FIVE psychiatric disorders share a common problem in several faulty genes, according to the biggest study of its kind, published on Thursday.
In the widest trawl of genetic mutations linked with mental disorders, US-led researchers looked through the DNA code of 33,332 people with autism, attention deficit hyperactivity disorder, bipolar disorder, major depressive disorder or schizophrenia.
Their genomes were matched against 27,888 ''controls'', or people who did not have these illnesses, in a bid to spot tiny changes in genes.
The five diseases have common risk factors in flaws on chromosomes 2 and 10 and in two genes that help regulate the flow of calcium in brain cells, the investigators found.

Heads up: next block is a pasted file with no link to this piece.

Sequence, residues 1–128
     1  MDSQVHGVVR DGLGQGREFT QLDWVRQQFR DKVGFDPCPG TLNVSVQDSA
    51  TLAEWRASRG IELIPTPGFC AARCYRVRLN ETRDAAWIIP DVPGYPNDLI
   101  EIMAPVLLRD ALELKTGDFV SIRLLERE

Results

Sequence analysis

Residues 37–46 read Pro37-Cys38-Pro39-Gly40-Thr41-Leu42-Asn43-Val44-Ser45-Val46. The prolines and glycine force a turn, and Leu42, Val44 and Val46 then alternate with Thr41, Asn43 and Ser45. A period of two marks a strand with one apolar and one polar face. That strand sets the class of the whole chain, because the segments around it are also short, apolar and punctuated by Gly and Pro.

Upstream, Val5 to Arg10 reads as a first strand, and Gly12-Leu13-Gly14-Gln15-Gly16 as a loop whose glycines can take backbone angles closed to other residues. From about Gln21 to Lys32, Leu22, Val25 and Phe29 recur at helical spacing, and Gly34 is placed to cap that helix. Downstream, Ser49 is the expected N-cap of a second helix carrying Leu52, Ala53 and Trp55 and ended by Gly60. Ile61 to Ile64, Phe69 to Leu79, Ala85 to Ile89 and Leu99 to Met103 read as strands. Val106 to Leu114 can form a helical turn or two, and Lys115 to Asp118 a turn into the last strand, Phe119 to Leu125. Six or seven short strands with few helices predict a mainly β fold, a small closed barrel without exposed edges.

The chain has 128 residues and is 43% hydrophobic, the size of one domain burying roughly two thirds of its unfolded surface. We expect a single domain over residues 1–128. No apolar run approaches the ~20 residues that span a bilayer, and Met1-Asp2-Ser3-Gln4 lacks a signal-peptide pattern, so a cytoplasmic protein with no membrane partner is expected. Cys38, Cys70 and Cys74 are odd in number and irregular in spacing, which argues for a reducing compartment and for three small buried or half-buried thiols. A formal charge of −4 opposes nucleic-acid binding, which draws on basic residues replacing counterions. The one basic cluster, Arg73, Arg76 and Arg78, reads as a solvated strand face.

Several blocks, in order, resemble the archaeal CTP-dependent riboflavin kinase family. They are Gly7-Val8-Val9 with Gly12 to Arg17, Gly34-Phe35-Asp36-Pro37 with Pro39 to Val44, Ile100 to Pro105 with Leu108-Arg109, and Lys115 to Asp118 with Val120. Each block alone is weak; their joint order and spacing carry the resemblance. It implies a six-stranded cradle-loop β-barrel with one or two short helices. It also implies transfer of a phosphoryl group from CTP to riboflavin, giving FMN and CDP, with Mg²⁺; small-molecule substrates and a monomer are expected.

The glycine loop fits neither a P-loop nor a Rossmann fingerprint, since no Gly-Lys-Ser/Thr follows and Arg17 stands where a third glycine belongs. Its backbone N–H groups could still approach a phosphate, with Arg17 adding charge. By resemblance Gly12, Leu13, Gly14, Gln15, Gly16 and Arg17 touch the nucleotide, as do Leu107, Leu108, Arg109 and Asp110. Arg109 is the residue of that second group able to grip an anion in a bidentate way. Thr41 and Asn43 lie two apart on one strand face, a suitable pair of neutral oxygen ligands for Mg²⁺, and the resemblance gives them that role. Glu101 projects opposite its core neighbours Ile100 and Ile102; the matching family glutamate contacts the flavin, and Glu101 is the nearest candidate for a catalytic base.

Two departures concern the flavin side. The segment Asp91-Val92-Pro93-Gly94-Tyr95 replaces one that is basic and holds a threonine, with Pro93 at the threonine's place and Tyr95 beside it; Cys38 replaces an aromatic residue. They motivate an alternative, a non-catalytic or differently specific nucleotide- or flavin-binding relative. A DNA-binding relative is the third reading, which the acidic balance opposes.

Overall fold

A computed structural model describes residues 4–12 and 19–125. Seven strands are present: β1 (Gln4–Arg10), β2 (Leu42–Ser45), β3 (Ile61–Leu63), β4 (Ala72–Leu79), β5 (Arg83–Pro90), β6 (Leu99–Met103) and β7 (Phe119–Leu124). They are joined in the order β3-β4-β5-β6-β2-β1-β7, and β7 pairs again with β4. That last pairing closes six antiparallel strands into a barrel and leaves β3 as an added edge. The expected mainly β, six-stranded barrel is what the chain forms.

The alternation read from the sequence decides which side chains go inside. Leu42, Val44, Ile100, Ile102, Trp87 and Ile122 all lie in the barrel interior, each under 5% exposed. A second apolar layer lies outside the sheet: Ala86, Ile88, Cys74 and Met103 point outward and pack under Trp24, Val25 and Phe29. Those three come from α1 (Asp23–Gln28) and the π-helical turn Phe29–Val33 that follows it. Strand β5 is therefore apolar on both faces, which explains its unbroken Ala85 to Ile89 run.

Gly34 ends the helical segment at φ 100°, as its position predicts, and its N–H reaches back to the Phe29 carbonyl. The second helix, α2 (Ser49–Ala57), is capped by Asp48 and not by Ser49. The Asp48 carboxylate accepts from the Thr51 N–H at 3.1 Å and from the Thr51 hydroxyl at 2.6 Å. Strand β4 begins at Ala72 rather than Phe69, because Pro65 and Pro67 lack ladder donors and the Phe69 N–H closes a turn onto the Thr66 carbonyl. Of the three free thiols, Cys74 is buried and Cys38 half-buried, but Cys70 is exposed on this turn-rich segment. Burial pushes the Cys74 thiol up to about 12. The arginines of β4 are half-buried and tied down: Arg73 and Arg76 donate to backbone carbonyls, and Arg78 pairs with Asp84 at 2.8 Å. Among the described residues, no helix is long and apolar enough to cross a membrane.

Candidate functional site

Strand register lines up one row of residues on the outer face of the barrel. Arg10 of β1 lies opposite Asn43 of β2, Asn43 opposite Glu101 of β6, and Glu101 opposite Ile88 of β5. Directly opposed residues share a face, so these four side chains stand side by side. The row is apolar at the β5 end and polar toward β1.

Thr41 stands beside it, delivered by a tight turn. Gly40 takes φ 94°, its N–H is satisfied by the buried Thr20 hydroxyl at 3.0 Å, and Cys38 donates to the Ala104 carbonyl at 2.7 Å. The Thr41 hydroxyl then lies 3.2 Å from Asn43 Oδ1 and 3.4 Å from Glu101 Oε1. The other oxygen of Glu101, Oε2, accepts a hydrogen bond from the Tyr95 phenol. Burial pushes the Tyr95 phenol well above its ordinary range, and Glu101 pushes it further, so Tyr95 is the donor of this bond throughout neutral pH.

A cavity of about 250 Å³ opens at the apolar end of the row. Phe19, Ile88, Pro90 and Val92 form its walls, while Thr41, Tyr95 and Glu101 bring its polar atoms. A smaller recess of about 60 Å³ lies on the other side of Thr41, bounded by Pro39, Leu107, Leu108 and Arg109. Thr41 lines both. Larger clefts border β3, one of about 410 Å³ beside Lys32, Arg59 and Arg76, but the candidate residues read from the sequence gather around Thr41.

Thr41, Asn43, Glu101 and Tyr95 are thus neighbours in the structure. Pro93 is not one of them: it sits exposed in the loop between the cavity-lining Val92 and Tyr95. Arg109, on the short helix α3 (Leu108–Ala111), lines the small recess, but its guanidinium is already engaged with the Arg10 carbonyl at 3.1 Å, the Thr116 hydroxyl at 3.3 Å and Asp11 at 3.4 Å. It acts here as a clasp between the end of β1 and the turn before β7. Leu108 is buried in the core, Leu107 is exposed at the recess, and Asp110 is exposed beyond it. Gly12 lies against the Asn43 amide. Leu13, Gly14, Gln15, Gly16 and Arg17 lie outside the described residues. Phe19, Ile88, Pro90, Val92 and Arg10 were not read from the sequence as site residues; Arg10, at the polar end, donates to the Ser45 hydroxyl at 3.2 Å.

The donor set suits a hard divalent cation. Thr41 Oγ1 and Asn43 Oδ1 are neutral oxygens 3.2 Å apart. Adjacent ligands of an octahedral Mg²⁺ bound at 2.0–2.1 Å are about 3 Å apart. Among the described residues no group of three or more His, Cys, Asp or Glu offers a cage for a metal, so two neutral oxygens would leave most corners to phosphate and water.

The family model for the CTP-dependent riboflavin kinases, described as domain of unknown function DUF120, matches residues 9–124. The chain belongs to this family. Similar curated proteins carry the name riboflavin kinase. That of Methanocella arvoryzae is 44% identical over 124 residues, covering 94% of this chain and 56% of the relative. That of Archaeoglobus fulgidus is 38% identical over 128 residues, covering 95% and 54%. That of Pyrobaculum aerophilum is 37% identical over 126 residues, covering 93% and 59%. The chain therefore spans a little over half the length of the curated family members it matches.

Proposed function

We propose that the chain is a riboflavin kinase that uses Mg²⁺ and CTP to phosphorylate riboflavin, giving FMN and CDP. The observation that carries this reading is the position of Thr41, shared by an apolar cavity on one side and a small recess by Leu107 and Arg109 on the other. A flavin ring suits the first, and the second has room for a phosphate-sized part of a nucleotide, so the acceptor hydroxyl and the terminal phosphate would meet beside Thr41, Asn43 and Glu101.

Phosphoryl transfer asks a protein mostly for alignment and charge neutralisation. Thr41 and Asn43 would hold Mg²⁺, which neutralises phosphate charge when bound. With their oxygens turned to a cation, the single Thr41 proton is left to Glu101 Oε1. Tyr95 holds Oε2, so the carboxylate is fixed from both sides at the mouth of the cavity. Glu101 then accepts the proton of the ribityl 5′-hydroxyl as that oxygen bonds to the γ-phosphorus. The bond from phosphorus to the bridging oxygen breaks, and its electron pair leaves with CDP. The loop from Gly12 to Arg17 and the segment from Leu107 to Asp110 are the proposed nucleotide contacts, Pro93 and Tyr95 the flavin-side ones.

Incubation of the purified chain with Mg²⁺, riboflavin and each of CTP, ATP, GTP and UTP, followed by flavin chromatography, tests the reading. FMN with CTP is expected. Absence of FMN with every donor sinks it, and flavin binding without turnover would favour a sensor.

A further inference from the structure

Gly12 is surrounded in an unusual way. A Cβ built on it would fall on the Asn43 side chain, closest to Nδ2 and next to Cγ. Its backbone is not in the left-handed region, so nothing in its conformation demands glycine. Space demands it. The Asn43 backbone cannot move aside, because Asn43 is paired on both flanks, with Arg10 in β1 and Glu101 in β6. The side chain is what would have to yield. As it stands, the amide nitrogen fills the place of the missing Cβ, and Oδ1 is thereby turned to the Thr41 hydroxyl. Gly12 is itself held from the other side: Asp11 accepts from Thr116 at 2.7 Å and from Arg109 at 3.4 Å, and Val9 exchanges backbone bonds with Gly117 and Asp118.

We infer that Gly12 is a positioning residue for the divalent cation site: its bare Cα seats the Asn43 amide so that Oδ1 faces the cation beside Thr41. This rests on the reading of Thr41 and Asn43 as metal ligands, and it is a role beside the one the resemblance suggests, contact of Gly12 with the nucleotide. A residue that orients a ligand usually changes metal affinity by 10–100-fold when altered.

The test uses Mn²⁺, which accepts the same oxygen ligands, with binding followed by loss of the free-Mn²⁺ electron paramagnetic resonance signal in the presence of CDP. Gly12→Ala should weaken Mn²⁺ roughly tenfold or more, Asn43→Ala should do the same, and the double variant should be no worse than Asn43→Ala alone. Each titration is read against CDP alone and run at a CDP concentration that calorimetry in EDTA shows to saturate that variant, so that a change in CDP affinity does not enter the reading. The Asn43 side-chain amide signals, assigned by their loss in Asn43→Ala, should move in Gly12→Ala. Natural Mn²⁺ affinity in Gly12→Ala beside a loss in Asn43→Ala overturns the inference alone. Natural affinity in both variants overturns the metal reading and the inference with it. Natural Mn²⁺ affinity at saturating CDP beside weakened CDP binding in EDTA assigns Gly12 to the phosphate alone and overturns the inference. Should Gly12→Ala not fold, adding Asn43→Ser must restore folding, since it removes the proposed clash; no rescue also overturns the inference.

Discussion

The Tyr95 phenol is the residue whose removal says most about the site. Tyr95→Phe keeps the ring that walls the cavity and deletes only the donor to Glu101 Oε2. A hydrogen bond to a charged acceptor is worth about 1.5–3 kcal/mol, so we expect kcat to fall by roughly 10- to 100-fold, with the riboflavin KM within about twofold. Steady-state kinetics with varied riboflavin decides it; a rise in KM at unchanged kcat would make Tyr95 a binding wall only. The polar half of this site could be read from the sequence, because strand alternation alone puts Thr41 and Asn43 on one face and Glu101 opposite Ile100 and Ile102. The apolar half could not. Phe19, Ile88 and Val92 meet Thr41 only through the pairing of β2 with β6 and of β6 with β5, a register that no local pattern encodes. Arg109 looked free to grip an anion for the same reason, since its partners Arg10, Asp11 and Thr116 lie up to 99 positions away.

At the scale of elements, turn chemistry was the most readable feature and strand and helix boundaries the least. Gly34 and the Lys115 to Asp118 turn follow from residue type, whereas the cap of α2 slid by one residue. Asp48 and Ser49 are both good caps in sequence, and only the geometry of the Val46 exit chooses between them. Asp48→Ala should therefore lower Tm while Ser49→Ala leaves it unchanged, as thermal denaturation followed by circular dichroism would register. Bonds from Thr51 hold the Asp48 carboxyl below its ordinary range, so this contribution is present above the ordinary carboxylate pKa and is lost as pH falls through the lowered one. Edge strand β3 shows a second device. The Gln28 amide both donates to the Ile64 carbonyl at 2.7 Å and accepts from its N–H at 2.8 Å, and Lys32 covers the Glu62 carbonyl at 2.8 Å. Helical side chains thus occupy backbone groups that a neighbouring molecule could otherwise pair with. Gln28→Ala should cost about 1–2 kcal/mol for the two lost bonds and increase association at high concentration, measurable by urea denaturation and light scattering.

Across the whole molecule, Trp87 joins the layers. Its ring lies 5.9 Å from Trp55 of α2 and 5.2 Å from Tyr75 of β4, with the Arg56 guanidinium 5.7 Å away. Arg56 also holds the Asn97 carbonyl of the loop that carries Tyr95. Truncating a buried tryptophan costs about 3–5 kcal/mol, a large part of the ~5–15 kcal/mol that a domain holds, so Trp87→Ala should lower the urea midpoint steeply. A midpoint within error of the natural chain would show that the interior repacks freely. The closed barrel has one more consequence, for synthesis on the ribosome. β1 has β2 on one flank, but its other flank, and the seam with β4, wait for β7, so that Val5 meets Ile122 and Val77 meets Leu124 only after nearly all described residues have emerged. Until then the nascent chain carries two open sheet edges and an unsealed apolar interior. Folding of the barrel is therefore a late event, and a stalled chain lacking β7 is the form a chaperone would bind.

One of the genes, CACNA1C, had been fingered in bipolar disorder and schizophrenia.
The study, published in The Lancet, says the common genes are part of a wider picture and do not by themselves explain the causes of these disorders or why their symptoms vary.
The gene samples examined by the Psychiatric Genomics Consortium came from people all from European ancestry and the results may be different for people of different heritage, it said.
But, it added, the findings are a useful step towards better diagnosis of these illnesses.
Psychiatric disorders are difficult to categorise because symptoms can be contradictory or hazy and little is known about their underlying cause. Environmental factors also play a part.
Previous genome comparisons have found common ground in autoimmune disorders such as arthritis, Crohn's disease and psoriasis.